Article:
Frank Costello (Jack Nicholson) has practically run his part of Boston for years via dodgy dealings and violence despite any amount of police operations to bring down his gang. Colin Sullivan (Matt Damon) was practically raised by Costello and trains as an officer of the law in order to access information about cases against his boss’s gang. However, this happens just as the police are about to send William Costigan (Leonardo DiCaprio) undercover into Costello’s gang, and it inevitably becomes an issue of who can sniff the rat out first.
The Departed is a wonderful modern day thriller with a story that is both well-written, well-directed and ultimately well-acted. Jack Nicholson adopts the persona audiences have been captivated by in previous films such as The Shining and One Flew Over The Cuckoo’s Nest as mob boss Costello, and proves that the years have not mellowed him. Nicholson’s talent shines through as his character grows more and more unstable with the ever-growing knowledge that there is a wasp in the hornet’s nest.
Matt Damon as Colin Sullivan is a far cry from the good guy he normally is, with his nature constantly changing from someone who is in control to becoming instantly unpredictable whenever a situation isn’t going his way and he isn’t impressing Costello. Leonardo DiCaprio as William Costigan, however, is truly magnificent. William is a young man desperate to join the police, but struggles immensely due to his somewhat checkered past.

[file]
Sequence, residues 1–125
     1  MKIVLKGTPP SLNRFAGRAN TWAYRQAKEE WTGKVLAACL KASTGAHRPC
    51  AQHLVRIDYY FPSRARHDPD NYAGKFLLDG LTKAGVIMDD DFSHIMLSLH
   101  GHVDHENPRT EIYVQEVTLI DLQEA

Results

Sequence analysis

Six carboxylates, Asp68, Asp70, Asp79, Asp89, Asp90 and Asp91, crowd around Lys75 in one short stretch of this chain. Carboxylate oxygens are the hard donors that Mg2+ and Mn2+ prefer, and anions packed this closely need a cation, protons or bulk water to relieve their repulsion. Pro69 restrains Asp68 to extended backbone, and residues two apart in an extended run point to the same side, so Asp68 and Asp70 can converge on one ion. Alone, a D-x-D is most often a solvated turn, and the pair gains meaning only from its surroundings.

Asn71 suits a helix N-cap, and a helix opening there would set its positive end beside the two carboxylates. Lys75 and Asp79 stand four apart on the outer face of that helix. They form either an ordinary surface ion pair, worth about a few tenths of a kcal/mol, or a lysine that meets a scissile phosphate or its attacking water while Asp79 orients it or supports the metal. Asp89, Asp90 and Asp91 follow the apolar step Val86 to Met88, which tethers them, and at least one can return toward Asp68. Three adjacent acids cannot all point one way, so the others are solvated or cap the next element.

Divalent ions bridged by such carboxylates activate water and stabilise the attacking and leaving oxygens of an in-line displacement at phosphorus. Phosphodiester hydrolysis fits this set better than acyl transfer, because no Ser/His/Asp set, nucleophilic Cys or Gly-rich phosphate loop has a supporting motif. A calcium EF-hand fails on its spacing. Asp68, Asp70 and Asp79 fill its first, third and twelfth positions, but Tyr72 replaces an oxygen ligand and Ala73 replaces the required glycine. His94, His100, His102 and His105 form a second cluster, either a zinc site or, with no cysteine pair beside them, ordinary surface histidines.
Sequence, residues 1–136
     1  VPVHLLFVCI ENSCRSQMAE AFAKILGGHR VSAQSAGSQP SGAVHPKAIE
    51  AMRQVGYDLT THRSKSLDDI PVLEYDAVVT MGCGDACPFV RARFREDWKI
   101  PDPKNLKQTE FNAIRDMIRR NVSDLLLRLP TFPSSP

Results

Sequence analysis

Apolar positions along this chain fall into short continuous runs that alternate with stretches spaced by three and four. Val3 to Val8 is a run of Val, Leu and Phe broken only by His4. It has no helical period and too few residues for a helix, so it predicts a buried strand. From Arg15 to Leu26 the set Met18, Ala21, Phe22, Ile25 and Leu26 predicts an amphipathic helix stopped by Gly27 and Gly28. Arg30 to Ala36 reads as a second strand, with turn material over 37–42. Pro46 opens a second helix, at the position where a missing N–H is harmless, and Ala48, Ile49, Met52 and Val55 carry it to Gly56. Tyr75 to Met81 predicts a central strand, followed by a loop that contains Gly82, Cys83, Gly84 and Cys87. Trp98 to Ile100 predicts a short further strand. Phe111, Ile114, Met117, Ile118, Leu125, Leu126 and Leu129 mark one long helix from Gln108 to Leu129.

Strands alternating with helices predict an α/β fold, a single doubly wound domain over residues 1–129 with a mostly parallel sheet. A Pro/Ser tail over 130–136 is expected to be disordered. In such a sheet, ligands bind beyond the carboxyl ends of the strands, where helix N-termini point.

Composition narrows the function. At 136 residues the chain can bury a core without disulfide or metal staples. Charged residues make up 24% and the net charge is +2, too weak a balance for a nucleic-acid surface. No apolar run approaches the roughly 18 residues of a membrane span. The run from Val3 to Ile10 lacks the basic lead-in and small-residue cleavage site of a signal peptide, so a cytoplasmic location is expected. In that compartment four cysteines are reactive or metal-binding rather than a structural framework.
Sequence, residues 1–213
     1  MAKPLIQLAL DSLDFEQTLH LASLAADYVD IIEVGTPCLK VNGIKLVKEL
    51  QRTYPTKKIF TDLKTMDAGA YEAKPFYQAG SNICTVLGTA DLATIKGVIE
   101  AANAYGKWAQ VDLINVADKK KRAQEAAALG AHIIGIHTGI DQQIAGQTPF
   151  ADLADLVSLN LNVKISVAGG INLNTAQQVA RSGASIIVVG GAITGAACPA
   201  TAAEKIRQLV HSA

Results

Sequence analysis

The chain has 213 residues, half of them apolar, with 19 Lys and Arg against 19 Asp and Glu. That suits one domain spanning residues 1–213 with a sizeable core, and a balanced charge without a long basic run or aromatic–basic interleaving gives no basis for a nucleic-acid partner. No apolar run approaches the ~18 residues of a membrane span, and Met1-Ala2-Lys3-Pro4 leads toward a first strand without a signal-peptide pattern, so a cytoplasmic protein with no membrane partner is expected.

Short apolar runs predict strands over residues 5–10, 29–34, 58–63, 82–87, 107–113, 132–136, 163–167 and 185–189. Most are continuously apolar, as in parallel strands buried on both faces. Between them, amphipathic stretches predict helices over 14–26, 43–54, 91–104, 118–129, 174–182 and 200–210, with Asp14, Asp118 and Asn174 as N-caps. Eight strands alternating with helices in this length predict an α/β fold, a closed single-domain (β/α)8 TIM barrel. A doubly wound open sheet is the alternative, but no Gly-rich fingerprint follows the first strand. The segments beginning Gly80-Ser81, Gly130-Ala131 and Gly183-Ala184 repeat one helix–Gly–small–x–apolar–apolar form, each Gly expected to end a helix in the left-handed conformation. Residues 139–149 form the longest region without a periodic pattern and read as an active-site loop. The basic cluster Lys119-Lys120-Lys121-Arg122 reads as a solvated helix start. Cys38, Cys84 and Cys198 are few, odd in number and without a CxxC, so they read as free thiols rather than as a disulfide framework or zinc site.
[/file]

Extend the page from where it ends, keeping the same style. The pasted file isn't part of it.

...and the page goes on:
Due to his connections with Costello’s gang, William is told in order to prove himself as a loyal and trustworthy candidate, he must infiltrate the gang. DiCaprio played his character brilliantly, perfectly showing the way William was trapped by the decisions he had had to make, and the way this affected him as a person. How this man has not had an Oscar yet is beyond me.
There are also a few other famous faces to back up this already stellar line-up. Martin Sheen and Mark Wahlberg play the cops in charge of the undercover unit and are the bad guys at the start who force Costigan into the job he is very reluctant to take. Alec Baldwin heads up the department penetrated by Sullivan, and Costello’s gang is reinforced with the likes of Ray Winstone and Mark Rolston who we all hated as Boggs in The Shawshank Redemption.
As said before, this film is very well directed by the one and only Martin Scorsese, and I believe it to have been as successful during awards season due to the simplicity of its concept. The story is well written, but the way it was executed made for gritty, realistic viewing. The urgency portrayed by the police force to sniff out the rat was very believable, and the heat felt by Damon as Sullivan was felt by the audience as well.
For me, The Departed did not have the “try hard” element Gangs Of New York possessed – it knew what it was good at and that was enough to carry the film, instead of creating a story that was too complicated for its own well-being in an effort to catapult the film into a new level of notoriety, and this was something that also worked in its favour.
Overall, I strongly believe The Departed to be worth two and a half hours of everybody’s time. I very much enjoyed every minute of it, and it certainly, at times, surprised me by taking a sudden turn off of the beaten path without making for a ridiculous plot. It is certain to have you flying by the seat of your pants and rooting for all that is good to come out on top.
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